Supervising the work

The factors discussed above are also relevant to supervision but, since supervision is one of the main ways in which you ensure that volunteers are working effectively for the organisation, it is usually appropriate to include some more structured methods in the wider support system for this purpose.

With regard to supervision ‘strategies’, Jacqui Long identified three broad approaches:


Volunteers need to fulfil the roles that have been assigned to them by the organisation and to do this in ways which the organisation considers appropriate. In supervision, the managerial function is about making sure the volunteer is doing what is expected of them. It may also involve exploring how they are balancing the sometimes conflicting expectations placed on them by the organisation, as well as their own standards and values.


This focuses on the development of the individual volunteer in their voluntary work. An important aspect of this will be giving feedback to enable people to reflect on particular situations in order to learn from them, identify strengths and weaknesses, and explore areas for development and training. This process will mainly focus on enabling the volunteer to draw insights from their experience, but may also include sharing of information by the supervisor in order to develop someone’s understanding or knowledge.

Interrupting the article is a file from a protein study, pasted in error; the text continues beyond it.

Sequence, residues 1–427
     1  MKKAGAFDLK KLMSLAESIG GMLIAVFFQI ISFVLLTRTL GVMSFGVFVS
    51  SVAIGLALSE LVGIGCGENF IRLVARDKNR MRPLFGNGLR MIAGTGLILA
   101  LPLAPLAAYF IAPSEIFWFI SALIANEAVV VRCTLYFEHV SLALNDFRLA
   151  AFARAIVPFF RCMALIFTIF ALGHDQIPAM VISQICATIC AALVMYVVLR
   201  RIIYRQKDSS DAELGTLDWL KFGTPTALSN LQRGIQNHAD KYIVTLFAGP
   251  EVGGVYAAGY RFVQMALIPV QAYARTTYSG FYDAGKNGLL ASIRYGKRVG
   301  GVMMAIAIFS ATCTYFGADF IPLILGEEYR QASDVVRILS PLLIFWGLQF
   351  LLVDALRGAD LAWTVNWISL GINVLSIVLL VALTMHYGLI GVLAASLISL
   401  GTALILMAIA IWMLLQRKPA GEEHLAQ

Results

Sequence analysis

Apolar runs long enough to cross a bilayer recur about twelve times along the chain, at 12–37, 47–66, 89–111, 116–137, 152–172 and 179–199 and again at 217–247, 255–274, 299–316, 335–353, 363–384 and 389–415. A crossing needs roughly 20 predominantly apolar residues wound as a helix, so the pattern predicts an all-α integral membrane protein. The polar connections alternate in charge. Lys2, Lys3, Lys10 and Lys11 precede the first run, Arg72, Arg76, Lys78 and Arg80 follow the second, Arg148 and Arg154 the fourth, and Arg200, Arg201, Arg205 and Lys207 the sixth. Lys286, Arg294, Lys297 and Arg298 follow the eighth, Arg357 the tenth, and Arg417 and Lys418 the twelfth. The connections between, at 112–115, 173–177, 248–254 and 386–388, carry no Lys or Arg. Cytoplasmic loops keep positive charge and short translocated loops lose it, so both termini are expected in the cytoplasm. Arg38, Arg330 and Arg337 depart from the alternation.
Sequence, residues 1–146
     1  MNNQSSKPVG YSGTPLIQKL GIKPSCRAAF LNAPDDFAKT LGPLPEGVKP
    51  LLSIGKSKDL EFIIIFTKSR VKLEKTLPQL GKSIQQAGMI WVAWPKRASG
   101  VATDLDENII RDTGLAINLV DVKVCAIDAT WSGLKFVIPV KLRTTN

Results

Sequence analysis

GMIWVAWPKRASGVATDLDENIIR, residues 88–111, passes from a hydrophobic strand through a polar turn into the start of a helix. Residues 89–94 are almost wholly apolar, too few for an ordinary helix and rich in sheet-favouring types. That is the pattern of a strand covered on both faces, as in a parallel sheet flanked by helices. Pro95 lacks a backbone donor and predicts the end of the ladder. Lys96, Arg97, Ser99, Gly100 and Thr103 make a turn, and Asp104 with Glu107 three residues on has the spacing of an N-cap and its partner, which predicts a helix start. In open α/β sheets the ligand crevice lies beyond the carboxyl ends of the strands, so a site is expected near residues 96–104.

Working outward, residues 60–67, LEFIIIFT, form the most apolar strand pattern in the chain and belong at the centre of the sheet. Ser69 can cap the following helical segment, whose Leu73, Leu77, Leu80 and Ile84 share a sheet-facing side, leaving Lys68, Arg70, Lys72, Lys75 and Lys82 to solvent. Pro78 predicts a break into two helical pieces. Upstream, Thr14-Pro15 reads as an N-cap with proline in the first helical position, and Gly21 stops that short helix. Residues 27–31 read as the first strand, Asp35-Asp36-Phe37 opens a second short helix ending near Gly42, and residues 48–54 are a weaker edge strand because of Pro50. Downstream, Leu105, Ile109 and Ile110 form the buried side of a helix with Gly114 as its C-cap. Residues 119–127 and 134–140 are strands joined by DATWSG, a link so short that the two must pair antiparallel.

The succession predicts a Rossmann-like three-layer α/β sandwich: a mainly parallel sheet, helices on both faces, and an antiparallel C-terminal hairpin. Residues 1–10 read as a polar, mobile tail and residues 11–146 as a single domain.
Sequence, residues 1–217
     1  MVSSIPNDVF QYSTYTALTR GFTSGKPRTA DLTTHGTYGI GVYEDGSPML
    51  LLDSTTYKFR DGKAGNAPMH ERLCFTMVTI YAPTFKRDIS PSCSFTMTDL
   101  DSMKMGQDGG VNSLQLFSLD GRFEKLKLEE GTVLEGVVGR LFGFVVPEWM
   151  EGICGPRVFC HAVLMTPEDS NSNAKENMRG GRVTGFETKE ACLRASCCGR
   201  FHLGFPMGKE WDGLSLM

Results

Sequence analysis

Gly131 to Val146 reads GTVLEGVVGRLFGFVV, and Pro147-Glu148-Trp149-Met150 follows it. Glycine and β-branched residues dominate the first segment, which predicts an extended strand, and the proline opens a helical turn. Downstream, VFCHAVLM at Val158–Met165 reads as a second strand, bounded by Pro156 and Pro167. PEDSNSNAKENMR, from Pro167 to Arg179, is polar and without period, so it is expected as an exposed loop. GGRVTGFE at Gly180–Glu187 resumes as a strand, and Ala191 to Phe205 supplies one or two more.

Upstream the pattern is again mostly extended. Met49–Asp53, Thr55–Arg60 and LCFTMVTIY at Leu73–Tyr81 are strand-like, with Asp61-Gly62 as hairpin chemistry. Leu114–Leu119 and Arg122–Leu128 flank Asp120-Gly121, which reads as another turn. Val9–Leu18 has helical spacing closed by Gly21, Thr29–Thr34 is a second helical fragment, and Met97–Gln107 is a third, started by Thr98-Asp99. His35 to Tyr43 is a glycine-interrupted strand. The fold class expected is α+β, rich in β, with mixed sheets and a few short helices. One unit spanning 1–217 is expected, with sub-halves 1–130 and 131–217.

This is concerned with creating a safe space in which volunteers can talk about their feelings about their work and any problems or issues around it. It may also involve enabling someone to explore and deal with feelings in their personal life which are affecting their volunteering. The aim will not necessarily be to resolve these problems, but to identify ways of getting appropriate support. The other key aspect of the supportive function is giving recognition and encouragement, which helps a volunteer to feel valued and empowered.

It is important to remember that supervision is not the same as support, or having a friendly chat, nor is it ‘checking up’. Supervision is making sure that the needs and interests of the individual are being balanced with the need and interests of the organisation.

The following questions could help to ensure that you cover all these tasks:

  1. GENERALLY: How do you feel about your volunteering generally?
  2. WHAT’S GOING WELL?: Is there anything you’ve done which: you are pleased about? you have particularly enjoyed?
  3. WHAT’S NOT BEEN GOING SO WELL?: Is there anything that has happened which you are unsure about? Are there particular situations that you would like to talk through?
  4. WORKLOAD: How are you finding the workload? – too much, too little, too easy, too demanding? Is volunteering fitting in with the other commitments you have in your life?
  5. ACTIONS AGREED LAST SESSION: Last meeting you/I agreed to do ___, let’s chat about the progress with this.
  6. RELATIONSHIPS: How are you getting on with the rest of the team – staff/volunteers?
  7. IDEAS FOR IMPROVEMENT: Discuss and record any suggestions the volunteer may have given on how to improve the project. Explore if there are aspects of their volunteering they (or you) feel they could improve on. Any concerns you have with the volunteer (e.g. performance) should be raised during the session.
  8. PERSONAL DEVELOPMENT: Explore if any issues/concerns/problems discussed in the session could be addressed with additional information or training. Agree what these would be and the processes for achieving them.
  9. DEVELOPMENTS TO ROLE: Are you happy with your present volunteer role? Are there any special projects/new areas of work you would like to explore?
  10. NEW ACTIONS: Are there any actions that we should set ourselves between now and next time we meet? Is there any particular issue that you would like me to bring to the team/management?